November 10, 2007

Celebrating the idiosyncratic genius of Thelonious Monk, born in Rocky Mount, North Carolina, on October 10, 1917.

In a remarkable 1963 appearance with Juilliard professor and friend, Hall Overton, at the New School in New York, Monk demonstrated his technique of “bending” or “curving” notes on the piano, the most rigidly tempered of instruments. He drawled notes like a human voice and blended them (playing notes C and C-sharp at the same time, for example) to create his own dialect. Overton told the audience, “That can’t be done on piano, but you just heard it.” He then explained that Monk achieved it by adjusting his finger pressure on the keys, the way baseball pitchers do to make a ball’s path bend, curve, or dip in flight.

September 05, 2017

An excerpt from Loudon Wainwright III’s new memoir.

I don’t know if they still make records quickly in Nashville, but Attempted Mustache was recorded in four days and mixed in two. We were out of there in less than a week.

September 05, 2017

We both loved Gary Stewart, and we both loved Grace.

My wife Grace’s father was a big man. He wasn’t much more than six feet tall, but I think folks thought of him as taller because he carried himself large. He tried being a hippie once, he said, but couldn’t abide the non-violence (too many people needed to get their asses kicked). At the first job he ever had, on a ranch, he got a business card with his official title: COWBOY. He kept that card. He wore a cowboy hat and cowboy boots. He had the best hunting dogs in Levy County. For a while he ran a sawmill. For a while he was a watermelon farmer, then a beekeeper, then he raised buffalo on the family farm. That’s just a small sampling. His name was John. He went by Chuck. 

September 05, 2017

“They were brothers in music,” Ursula Covay said. “They wrote together, hung out together, traveled together, fought together, loved together, and made deals together.” That’s the word most of the children of the Soul Clan use today to describe their fathers’ bond. Brothers.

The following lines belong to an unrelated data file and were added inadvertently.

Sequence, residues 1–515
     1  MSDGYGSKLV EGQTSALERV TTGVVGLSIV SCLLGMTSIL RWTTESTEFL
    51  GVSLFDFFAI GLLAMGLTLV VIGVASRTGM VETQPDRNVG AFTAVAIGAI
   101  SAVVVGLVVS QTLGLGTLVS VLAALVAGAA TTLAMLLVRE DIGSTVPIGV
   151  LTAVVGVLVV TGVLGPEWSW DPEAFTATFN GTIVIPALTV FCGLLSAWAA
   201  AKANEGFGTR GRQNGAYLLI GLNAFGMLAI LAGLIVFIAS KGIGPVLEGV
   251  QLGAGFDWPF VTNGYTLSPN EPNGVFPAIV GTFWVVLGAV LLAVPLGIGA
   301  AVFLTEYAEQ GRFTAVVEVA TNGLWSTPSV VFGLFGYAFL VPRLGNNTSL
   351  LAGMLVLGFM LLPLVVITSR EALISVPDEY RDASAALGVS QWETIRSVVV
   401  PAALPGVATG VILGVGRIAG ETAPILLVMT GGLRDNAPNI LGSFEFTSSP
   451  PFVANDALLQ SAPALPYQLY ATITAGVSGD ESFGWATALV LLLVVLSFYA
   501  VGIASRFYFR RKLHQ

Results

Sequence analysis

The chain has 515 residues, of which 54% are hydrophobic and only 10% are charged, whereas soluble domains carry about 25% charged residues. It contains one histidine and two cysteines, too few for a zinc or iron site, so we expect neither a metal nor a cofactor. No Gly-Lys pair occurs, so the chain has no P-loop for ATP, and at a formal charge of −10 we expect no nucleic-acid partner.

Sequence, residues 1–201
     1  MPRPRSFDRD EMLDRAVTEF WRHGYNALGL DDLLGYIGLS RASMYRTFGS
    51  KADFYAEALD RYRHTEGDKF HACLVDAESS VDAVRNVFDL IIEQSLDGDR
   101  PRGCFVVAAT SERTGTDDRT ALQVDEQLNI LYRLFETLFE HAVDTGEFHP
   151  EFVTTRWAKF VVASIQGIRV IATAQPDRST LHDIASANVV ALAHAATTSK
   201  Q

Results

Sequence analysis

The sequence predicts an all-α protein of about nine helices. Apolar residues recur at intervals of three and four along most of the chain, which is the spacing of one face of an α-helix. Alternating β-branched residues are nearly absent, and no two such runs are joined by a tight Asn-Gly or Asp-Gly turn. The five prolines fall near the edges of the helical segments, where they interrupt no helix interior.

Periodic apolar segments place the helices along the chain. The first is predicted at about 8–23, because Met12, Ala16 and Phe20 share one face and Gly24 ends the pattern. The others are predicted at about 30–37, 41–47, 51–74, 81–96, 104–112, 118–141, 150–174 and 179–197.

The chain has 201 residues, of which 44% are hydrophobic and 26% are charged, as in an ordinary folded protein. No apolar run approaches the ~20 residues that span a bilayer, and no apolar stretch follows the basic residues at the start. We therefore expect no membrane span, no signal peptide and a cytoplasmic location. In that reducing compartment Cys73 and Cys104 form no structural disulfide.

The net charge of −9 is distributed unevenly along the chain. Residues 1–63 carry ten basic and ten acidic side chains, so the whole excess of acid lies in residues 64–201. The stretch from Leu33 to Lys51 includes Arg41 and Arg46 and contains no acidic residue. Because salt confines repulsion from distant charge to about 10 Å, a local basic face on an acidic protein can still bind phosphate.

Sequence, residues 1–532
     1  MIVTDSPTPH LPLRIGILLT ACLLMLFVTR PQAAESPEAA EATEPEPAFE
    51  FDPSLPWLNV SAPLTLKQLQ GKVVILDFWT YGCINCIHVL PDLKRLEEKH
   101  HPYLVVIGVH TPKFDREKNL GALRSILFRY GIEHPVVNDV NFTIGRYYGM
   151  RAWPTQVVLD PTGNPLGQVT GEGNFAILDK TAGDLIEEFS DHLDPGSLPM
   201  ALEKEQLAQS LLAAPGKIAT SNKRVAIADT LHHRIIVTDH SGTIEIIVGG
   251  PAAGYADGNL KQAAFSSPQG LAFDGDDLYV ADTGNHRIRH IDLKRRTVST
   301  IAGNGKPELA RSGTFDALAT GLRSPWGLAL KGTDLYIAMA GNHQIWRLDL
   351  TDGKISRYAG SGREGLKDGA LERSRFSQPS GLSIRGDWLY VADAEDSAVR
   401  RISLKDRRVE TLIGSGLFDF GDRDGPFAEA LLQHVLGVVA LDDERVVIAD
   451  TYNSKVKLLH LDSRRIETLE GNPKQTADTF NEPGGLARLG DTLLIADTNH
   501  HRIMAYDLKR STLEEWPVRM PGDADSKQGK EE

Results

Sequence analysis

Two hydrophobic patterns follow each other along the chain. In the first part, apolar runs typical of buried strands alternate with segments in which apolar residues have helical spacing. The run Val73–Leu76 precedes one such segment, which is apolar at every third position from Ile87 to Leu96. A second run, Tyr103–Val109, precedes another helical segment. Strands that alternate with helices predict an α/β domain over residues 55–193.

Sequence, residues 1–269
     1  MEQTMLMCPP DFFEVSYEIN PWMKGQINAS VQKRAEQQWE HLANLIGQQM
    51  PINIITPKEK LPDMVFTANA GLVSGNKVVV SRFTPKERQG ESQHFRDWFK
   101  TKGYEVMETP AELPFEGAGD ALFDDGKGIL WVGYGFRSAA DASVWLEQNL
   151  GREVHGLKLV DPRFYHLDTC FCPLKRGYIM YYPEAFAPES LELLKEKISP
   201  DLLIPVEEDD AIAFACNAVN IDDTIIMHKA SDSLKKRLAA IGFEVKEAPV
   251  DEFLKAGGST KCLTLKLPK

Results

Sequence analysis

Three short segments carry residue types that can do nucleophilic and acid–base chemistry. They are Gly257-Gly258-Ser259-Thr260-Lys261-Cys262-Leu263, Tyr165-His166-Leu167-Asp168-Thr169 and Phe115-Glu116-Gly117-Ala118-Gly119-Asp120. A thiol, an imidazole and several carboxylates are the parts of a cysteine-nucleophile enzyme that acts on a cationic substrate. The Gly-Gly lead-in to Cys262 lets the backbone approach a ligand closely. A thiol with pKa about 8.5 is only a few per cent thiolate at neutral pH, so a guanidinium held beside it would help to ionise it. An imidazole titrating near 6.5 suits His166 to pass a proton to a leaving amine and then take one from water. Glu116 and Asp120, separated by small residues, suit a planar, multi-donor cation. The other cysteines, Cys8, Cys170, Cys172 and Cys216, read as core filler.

August 10, 2017

An installment in our weekly series, The By and By. 

Music is a mystery that does not want thinking. The act of doing anything with feel—writing, making love, playing freely—requires something beyond thinking and eclipses the need for even talking when done right. What I tell myself when I sing: Listen and Give. As far as I can tell, that’s the whole shebang. Annie Dillard is correct—my feelings about my work are pretty unimportant and beside the point; mosquitos to be slapped down.

June 28, 2017

Announcing the Oxford American’s 19th Music Issue.

In 2017, we are returning to the state series. And we are thrilled to announce that it’s your turn, Kentucky.

June 28, 2017

A new song and a short essay by Nashville guitarist William Tyler. 

Confronted with the hideous, we must commit to rebuilding, resetting, listening, doing good, fighting injustice, and trying to keep an eye on maintaining beauty. It’s on all of us. My music is instrumental but it’s political. It’s protest music in its own way.

June 22, 2017

An installment in our weekly series, The By and By. 

The flight attendant stopped and pointed to the safety card’s picture of a woman cradling a child in her arms. “Do you understand? You will hold her like that, alright?” It seemed utterly useless, the fragile creature in my arms against the speed and heft of this giant metal bird throwing itself with such velocity back at earth.